18 June 2012
by Ryan Williams
When Smashing Pumpkins played London in 2011, the crowd was split. There were those who expected Smashing Pumpkins of old, playing ‘Mayonaise’ and ‘Today’ and there were the others who had resolved within themselves that Billy Corgan was the sole remaining member of the band and that Zwan wasn’t… that bad. The former left disappointed, having forgotten that the band originally left us in 2000 with a bizarre brace of albums that were disappointingly confused and a creative zenith in turn.
This is not a grunge band any more. It has not been for some time now. Get over it. Call them The Billy Corgan Band if you want. Claim the band’s legacy is disappearing up his arse if it helps. Ignore the fact Corgan appears to have been inspired by Isis in terms of naming songs and the album. Ignore it because it’s not really important. If you’re prepared to indulge the man’s psychedelic proto prog concept 100 per cent, this might all make sense to you.
Opening with squealing guitar and retro rock ‘n’ roll intent, ‘Quasar’ followed by the tumbling drums of the ethereal ‘Panopticon’ and the most Smashing Pumpkins-y song on the album ‘The Celestials’, it’s is a powerful introduction to an album as good as anything released since Adore. The comparison could still be made if this was a Billy Corgan solo album.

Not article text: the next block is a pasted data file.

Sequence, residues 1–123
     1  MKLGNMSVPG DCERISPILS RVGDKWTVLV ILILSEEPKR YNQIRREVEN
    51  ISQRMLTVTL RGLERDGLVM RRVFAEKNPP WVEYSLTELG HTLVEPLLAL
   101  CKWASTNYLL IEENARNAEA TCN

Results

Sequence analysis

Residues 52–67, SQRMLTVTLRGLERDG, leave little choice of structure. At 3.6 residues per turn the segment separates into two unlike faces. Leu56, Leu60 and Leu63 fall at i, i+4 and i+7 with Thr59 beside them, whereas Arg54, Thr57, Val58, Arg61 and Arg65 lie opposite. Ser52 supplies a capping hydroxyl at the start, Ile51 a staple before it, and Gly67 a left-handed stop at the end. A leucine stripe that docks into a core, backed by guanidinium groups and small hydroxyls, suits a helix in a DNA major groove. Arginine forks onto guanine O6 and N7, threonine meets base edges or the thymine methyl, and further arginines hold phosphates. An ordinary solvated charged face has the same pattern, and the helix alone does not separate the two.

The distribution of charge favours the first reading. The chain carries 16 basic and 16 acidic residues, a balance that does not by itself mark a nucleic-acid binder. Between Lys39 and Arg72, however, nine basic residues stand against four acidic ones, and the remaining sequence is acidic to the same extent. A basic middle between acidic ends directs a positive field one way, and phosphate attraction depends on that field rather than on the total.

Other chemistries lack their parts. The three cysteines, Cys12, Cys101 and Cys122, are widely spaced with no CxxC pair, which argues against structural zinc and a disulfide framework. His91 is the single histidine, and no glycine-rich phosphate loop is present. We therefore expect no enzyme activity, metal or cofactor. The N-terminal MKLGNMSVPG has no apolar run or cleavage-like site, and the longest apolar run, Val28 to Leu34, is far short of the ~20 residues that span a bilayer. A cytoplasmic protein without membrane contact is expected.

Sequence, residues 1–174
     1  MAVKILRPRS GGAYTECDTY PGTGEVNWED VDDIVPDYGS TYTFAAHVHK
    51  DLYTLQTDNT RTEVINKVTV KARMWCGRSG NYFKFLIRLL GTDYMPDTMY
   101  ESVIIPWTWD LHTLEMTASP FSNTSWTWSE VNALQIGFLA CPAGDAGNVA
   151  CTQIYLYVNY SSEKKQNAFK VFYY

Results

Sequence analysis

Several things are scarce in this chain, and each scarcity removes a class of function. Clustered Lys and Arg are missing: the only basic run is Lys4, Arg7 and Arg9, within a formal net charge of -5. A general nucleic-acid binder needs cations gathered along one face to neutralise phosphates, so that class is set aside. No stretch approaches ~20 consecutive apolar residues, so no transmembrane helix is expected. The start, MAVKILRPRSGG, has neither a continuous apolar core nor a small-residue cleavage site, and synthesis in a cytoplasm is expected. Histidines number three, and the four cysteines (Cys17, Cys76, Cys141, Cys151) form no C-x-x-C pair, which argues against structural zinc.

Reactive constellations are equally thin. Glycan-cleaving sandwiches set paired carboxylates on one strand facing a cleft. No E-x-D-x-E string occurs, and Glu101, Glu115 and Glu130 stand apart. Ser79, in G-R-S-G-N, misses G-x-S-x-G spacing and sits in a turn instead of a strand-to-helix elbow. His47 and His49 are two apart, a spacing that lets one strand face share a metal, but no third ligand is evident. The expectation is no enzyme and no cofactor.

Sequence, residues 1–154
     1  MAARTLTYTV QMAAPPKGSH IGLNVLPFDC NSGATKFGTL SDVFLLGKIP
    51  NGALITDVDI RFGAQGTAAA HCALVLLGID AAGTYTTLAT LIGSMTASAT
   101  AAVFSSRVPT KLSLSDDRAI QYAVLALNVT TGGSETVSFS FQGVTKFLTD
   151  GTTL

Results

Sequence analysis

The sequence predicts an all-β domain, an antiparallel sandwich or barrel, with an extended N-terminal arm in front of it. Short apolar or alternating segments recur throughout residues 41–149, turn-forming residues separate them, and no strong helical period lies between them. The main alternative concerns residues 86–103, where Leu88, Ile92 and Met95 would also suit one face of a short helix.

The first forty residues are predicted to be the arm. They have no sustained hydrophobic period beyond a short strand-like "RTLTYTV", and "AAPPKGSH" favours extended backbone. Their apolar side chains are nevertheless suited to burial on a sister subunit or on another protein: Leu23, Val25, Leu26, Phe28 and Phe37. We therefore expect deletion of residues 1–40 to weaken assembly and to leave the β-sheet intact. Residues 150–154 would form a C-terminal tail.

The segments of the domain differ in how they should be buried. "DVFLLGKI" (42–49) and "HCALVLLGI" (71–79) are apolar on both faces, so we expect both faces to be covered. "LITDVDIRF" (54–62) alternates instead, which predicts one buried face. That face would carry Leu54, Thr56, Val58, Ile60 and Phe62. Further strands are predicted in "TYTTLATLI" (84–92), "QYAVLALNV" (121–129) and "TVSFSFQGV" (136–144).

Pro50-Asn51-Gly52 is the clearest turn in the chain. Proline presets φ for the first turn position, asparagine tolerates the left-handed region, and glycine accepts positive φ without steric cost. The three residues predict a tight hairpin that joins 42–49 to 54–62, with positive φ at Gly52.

Midway through the meandering nine-minute title track is pure Pink Floyd. It’s a great song; dark and ferocious but as it careens from movement to movement, you remember that Corgan is a master songwriter. Every time you might kid yourself into believing that he’s eschewed all commercial desire in order to satisfy his own creative dealings, you remember another lick; another chorus. In spite of its vast inaccessibility, Oceania is a massively rewarding listen. Eventually.
Perhaps there’s too much meandering history about this band for their ever to be a truly cohesive response from fans. Maybe their reach is so far that to ever expect a uniform response to a Smashing Pumpkins album ever again is just too much. Either way, Oceania is what we have and while opinions may be split, there is no doubting that Billy Corgan knows exactly what he’s doing.
Sounds like: Billy Corgan solo, Zwan, Led Zeppelin, Smashing Pumpkins
Standout tracks: Oceania, Quasar, The Celestials